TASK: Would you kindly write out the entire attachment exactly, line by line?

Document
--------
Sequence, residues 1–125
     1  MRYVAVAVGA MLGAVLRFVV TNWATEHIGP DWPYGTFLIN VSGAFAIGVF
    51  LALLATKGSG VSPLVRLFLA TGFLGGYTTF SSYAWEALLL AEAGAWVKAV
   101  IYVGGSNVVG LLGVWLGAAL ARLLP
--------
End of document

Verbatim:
Sequence, residues 1–125
     1  MRYVAVAVGA MLGAVLRFVV TNWATEHIGP DWPYGTFLIN VSGAFAIGVF
    51  LALLATKGSG VSPLVRLFLA TGFLGGYTTF SSYAWEALLL AEAGAWVKAV
   101  IYVGGSNVVG LLGVWLGAAL ARLLP